The rating represents one "notch" on the credit-rating scale.
The deficit-reduction plan passed by Congress Tuesday was not enough to stabilize the U.S. debt situation, according to the S&P.
Standard & Poor's released a statement Friday: "The outlook on the long-term rating is negative. We could lower the long-term rating to 'AA' within the next two years if we see that less reduction in spending than agreed to, higher interest rates, or new fiscal pressures during the period result in a higher general government debt trajectory than we currently assume in our base case.
"We lowered our long-term rating on the U.S. because we believe that the prolonged controversy over raising the statutory debt ceiling and the related fiscal policy debate indicate that further near-term progress containing the growth in public spending, especially on entitlements, or on reaching an agreement on raising revenues is less likely than we previously assumed and will remain a contentious and fitful process. We also believe that the fiscal consolidation plan that Congress and the Administration agreed to this week falls short of the amount that we believe is necessary to stabilize the general government debt burden by the middle of the decade."
Five easy to understand effects:
- The interest rates the government pays to finance the growing national debt will almost certainly rise as a result of the downgrade. That increases the amount of money Uncle Sam has to spend each year on "debt service." General market discussions have turned on an increase in rates that would up the annual tally by about $10 in the short-term and go up to $75 billion in additional costs in the coming years.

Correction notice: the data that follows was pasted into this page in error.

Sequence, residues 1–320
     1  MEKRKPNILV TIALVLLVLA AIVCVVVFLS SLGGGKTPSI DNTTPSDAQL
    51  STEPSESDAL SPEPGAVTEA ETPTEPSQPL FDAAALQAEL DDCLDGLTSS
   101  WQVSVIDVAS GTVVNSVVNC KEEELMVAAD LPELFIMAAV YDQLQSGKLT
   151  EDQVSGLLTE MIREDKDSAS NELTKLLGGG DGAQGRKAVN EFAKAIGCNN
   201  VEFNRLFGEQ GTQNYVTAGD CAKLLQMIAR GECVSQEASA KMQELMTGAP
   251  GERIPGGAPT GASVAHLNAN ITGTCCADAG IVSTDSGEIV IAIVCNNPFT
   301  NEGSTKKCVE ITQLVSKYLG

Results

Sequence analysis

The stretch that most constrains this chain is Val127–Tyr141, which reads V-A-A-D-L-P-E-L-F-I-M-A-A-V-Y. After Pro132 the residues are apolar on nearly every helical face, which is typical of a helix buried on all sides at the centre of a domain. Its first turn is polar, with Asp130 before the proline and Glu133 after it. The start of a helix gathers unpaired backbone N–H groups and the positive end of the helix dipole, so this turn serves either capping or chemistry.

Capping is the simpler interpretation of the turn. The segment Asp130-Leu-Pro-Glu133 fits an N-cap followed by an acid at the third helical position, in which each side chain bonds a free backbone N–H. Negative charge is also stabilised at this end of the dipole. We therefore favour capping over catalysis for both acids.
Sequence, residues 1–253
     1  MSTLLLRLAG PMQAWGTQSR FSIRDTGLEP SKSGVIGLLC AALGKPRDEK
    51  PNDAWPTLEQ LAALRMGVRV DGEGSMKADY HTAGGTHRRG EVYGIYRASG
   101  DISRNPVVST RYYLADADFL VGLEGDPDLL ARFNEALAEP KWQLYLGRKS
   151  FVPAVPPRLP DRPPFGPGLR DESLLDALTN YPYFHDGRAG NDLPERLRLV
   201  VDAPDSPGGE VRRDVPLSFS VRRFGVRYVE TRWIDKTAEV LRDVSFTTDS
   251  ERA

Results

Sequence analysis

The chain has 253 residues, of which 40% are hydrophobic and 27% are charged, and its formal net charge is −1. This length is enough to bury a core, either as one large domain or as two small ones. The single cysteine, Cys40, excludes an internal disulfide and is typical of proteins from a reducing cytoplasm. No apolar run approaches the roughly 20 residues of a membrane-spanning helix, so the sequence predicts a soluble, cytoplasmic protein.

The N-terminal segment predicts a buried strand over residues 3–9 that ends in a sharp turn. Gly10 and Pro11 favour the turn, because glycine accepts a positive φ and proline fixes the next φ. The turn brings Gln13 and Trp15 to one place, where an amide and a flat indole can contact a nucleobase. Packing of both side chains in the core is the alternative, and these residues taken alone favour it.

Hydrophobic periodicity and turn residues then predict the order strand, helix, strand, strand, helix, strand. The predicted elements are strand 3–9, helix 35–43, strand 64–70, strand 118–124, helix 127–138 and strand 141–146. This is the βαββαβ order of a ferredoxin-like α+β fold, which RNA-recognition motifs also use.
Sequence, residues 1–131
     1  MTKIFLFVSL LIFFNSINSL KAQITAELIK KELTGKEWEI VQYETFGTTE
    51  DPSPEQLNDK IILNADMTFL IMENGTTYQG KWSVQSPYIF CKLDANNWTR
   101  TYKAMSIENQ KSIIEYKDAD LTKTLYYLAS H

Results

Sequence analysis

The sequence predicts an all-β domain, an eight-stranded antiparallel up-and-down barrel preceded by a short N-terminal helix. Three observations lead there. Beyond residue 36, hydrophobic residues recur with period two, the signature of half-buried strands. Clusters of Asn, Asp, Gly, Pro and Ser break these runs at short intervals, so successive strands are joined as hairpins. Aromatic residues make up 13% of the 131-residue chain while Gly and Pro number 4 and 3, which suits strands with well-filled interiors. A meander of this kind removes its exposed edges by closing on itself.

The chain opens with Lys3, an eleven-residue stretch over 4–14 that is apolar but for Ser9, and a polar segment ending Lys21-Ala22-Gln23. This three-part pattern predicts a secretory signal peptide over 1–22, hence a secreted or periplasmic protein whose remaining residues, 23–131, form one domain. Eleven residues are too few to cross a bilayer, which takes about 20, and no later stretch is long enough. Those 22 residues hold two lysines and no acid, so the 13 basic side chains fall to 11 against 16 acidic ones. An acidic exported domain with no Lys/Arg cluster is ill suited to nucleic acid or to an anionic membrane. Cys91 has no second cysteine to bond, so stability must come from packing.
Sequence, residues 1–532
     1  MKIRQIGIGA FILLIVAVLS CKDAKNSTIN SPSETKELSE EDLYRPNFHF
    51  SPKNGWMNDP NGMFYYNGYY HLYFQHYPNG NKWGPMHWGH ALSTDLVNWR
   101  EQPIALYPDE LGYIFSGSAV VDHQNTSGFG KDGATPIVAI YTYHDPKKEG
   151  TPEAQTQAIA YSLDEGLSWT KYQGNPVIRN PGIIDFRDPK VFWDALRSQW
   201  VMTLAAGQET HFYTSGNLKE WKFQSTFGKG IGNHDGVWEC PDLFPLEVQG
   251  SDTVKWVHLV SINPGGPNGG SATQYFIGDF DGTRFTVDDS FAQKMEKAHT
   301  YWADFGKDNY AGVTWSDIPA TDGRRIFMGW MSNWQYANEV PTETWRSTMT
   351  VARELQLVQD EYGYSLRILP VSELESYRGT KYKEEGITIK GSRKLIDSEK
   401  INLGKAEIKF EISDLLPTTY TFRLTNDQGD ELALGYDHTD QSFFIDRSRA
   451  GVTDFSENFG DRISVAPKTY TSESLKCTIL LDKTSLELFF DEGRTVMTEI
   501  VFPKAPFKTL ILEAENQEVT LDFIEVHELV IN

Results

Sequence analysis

- The interest rates YOU and YOUR EMPLOYER pay will go up. Basic credit facilities -- like mortgages, student loans and credit cards -- are all at least loosely tied to the rates the government pays. A half a percent increase in mortgage rates could increase the total cost of the average traditional mortgage by $19K (on a $172K home). Businesses would have to spend more money to finance expansions. Costs for borrowed money goes up, effectively raising the price of anything you're not paying for with cash.
- Needless to say, increasing costs for consumers and businesses tends to slow their economic activity. Some estimates put a downgrade like this as likely to shave 1 percent off GDP. This slowing certainly increases the risks that the U.S. will have a second dip into recession. It also means less tax revenue, so the potential for additional debt increases.
- As the economy slows, expect the stock market to react -- after all investors buy shares to get a piece of growing profits. Slowing economy means profits grow less rapidly or go down. The relative value of a share of anything will go down. Some experts predict a downgrade could force stocks to sell-off by 6-10 percent in short order. That's another 1,100 points on the Dow.
- A slow down in economic activity also means less demand for workers. The non-partisan group Third Way has published estimates that a simple 0.5-percent increase in interest rates could erase more than 640,000 jobs.